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Therapy Source Career Center - June 2019

What is Emotional Control?

Katrina Fulcher-Rood, PhD, CCC-SLP, Pamela Schuetze, PhD, Kathy Doody, PhD

June 1, 2023

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Question

What is emotional control and how do we help develop it in children?

Answer

Emotional control is an executive function and is the ability to regulate and manage really strong, intense emotions. Those emotions can be positive or negative. If you get frustrated, are you able to calm yourself down? If you start laughing and can't stop - that's a really intense emotion. But, sometimes, we need to be able to reign it in.  That's emotional control. We often talk about emotional regulation, and that really means the same thing.

There are strategies that we can use to calm ourselves down, and these are different for everybody. Hopefully, you know what strategies work for you, but children sometimes need time and help to figure that out. They may need some suggestions about the types of things that they can do when they find themselves overly aroused. Maybe it's taking a break. Do they need to just walk to the end of the hallway and back, take a few breaths and then reengage?

How do we develop emotional control? With young children, the first thing we need to do is help them identify or recognize the emotion and how it affects their bodies. Then, we need to find a strategy that helps them calm down. For example, deep breathing works well for some children. Exercise, taking a break if they have a place where they can run, such as around a building or around a track, can be really useful. Drawing or journaling, and talking to a friend are all ways to develop emotional control. There are a number of different ways that people can self-regulate, so it's a matter of helping children and young adults figure out what works for them. Once that's identified, it's a matter of practicing it.  There will be many opportunities over the course of life to practice emotional control. Children need to know that they need to use those strategies on a regular basis so that they become second nature.

This ATE is an excerpt from the course, Executive Functioning: Targeting Students' Skills through an Interdisciplinary Lens, presented by Katrina Fulcher-Rood, Pamela Schuetze and Kathy Doody.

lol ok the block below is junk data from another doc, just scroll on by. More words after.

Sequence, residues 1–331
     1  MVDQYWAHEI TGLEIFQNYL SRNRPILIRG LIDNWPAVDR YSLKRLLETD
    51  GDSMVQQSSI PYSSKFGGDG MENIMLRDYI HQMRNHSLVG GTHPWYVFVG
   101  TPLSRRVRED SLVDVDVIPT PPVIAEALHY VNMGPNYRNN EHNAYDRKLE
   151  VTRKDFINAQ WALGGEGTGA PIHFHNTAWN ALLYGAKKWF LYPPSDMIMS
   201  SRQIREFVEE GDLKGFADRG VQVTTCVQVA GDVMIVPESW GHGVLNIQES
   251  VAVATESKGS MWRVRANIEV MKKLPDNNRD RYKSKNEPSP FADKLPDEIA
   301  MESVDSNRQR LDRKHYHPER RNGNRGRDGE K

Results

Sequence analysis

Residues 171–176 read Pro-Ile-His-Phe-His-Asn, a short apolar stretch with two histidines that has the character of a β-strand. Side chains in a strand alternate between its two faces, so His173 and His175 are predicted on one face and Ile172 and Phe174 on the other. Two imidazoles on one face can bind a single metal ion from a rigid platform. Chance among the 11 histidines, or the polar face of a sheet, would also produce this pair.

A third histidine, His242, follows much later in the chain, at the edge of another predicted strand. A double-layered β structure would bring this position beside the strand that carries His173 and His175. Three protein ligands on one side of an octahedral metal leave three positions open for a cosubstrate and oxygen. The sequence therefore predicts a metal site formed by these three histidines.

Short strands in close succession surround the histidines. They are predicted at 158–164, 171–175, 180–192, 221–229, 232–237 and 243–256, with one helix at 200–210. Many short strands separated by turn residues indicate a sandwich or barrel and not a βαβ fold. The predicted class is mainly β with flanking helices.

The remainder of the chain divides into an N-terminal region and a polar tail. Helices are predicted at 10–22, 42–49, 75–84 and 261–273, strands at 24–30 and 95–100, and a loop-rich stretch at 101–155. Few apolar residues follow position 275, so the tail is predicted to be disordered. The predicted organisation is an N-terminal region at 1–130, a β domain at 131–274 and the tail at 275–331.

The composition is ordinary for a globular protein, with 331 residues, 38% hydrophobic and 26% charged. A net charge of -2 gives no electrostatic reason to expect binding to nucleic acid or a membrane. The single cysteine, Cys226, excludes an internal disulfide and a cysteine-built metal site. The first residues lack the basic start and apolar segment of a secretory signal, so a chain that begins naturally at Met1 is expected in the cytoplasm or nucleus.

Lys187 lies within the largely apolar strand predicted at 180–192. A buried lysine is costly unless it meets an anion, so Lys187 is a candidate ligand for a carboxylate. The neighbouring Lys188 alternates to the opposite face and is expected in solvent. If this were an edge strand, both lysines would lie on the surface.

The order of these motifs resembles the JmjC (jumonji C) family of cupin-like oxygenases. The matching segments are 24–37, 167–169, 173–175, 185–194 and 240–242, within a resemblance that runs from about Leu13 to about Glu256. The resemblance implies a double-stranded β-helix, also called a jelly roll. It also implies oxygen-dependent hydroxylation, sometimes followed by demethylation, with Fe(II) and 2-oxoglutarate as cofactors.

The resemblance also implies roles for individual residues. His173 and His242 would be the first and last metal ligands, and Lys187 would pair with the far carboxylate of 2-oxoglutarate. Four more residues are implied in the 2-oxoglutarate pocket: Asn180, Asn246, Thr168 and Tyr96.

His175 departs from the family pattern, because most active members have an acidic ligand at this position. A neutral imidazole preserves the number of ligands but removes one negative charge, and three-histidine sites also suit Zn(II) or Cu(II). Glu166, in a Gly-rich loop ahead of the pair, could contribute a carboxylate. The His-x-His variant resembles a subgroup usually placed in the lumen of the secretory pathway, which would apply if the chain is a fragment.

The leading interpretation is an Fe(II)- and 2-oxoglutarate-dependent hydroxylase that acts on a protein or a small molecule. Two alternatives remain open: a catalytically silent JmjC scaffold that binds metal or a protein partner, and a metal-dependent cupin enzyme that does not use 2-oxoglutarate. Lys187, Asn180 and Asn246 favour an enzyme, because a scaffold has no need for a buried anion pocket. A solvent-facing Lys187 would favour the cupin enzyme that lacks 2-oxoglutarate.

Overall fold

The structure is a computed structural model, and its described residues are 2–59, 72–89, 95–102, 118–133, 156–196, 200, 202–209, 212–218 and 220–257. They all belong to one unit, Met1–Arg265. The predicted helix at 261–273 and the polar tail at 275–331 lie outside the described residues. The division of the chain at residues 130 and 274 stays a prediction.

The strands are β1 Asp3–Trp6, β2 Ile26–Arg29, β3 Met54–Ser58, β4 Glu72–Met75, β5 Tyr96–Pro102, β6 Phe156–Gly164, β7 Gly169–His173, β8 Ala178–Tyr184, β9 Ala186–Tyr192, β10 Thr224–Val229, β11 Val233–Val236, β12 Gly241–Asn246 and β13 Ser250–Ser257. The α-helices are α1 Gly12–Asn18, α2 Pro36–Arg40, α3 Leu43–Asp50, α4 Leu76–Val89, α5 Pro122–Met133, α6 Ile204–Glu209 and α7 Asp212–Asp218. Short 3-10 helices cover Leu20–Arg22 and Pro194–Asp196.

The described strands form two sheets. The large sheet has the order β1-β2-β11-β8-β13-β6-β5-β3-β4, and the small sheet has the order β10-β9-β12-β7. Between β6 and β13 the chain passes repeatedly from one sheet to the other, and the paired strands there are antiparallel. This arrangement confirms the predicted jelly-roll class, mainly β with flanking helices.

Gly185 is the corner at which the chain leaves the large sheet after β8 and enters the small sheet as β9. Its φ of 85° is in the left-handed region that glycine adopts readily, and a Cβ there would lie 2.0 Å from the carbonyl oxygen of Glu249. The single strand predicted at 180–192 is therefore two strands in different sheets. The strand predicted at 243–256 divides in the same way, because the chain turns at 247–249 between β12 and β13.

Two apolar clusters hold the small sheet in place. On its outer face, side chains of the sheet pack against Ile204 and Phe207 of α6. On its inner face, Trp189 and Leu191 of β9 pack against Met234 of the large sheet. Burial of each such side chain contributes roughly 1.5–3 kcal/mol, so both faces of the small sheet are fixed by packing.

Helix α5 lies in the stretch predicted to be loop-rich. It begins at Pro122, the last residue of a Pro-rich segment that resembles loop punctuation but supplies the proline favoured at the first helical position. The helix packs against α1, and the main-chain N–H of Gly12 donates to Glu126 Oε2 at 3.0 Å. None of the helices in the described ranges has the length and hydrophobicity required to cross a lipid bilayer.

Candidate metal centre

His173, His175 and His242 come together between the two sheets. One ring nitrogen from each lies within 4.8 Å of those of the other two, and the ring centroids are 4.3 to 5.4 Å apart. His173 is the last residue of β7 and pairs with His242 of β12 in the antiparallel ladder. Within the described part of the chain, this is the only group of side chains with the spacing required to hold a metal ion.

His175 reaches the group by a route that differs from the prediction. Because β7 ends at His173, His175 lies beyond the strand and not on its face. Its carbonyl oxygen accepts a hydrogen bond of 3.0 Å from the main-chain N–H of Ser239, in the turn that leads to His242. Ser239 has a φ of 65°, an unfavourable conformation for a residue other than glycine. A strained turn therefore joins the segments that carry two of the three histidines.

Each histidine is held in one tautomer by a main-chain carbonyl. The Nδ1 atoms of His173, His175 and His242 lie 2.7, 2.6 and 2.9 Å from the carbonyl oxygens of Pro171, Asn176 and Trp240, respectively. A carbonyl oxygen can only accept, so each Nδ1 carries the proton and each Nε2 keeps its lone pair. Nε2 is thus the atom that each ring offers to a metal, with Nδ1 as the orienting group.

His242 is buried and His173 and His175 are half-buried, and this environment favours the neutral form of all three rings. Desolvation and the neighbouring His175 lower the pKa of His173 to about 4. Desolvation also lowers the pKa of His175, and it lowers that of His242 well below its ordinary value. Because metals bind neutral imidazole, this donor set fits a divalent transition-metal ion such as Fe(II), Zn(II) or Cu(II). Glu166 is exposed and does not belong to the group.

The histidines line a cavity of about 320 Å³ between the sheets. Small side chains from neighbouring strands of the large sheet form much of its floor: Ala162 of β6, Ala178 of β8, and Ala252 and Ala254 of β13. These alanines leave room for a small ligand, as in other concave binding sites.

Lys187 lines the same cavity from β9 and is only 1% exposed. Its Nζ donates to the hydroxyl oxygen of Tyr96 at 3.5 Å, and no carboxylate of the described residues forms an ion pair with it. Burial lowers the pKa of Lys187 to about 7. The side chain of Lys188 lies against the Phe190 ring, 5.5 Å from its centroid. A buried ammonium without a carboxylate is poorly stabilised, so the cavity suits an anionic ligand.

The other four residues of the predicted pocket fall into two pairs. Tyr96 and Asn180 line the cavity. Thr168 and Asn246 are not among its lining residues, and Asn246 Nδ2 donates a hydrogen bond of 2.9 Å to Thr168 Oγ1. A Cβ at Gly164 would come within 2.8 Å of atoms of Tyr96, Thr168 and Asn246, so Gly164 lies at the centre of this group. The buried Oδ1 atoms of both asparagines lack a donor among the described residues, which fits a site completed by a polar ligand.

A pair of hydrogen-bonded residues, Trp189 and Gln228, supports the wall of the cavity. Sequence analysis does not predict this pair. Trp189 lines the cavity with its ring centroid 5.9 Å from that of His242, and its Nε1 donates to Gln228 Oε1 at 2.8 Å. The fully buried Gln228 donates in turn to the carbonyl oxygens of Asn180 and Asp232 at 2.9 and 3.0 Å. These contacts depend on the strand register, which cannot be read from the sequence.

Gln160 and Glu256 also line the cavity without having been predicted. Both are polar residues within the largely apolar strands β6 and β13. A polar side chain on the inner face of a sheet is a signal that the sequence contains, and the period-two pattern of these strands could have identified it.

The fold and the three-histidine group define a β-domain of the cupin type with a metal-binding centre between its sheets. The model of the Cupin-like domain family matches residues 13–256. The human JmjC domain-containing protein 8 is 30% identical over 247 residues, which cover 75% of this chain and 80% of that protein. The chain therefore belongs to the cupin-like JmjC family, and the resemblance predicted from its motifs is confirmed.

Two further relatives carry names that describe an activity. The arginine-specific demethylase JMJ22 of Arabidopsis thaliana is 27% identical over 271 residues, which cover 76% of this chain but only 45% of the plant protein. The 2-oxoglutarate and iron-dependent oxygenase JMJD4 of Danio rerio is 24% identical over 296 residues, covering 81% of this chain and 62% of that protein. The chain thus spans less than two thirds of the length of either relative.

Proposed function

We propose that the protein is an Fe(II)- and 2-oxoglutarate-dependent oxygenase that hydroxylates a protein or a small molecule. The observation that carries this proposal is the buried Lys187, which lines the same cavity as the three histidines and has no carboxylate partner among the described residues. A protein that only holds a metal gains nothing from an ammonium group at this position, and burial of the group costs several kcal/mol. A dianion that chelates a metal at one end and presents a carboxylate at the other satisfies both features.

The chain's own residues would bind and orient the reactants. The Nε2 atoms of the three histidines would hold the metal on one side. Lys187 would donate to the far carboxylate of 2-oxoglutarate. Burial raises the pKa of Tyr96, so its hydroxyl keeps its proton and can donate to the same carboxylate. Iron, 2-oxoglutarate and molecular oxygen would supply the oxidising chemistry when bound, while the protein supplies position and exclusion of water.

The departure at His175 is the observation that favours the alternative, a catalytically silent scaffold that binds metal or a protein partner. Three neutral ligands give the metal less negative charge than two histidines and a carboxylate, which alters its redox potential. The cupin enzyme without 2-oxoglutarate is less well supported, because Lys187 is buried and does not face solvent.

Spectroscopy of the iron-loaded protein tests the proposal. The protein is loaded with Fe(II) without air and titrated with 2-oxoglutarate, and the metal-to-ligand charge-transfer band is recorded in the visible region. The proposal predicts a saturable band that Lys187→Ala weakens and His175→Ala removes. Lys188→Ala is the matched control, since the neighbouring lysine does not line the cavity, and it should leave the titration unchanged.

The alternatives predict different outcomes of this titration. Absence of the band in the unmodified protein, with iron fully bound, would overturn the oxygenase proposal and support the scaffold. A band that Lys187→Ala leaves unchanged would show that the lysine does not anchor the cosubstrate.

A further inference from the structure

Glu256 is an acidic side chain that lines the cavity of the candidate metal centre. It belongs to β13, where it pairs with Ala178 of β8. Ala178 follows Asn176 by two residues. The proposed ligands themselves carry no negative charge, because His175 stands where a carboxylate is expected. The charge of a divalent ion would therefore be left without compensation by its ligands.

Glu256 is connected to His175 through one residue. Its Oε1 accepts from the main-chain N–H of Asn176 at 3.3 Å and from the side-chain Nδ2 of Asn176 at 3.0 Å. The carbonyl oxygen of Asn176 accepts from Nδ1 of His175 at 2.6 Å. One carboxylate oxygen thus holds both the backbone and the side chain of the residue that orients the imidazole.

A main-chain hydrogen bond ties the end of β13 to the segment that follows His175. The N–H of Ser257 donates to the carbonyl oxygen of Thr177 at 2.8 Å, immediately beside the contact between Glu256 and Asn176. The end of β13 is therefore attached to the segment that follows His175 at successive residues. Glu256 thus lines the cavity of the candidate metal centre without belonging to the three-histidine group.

katrina fulcher rood

Katrina Fulcher-Rood, PhD, CCC-SLP

Dr. Katrina Fulcher-Rood CCC-SLP is an associate professor at SUNY Buffalo State College. Her research examines the diagnostic decision-making practices of school-based speech-language pathologists. She teaches undergraduate and graduate courses in assessment, augmentative and alternative communication, and school-based issues.


pamela schuetze

Pamela Schuetze, PhD

Dr. Pamela Schuetze is a developmental psychologist in the department of psychology at SUNY Buffalo State and the coordinator of the Child Advocacy Studies Training (CAST) program. She regularly teaches courses on child development, maltreatment and advocacy. She has published extensively on the role of early risk for child outcomes, regularly presents at regional, national and international conferences, and has been recognized for both her teaching and scholarship with the SUNY Chancellor’s Award for Excellence in Scholarship and Creativity and the SUNY Chancellor’s Award for Excellence in Teaching.


kathy doody

Kathy Doody, PhD

Dr. Kathy Doody is a professor at SUNY Buffalo State’s Exceptional Education department, preparing candidates to become special education teachers. Her area of interest is autism spectrum disorder, including how individuals on the spectrum communicate, behave, think, and learn. Dr. Doody previously worked as a special education teacher for nearly 15 years teaching individuals on the autism spectrum. She currently implements several community-based grants intended to create recreational activities that are accessible for individuals on the spectrum and their families. She has two children: a daughter with typical development and a son on the autism spectrum.


Related Courses

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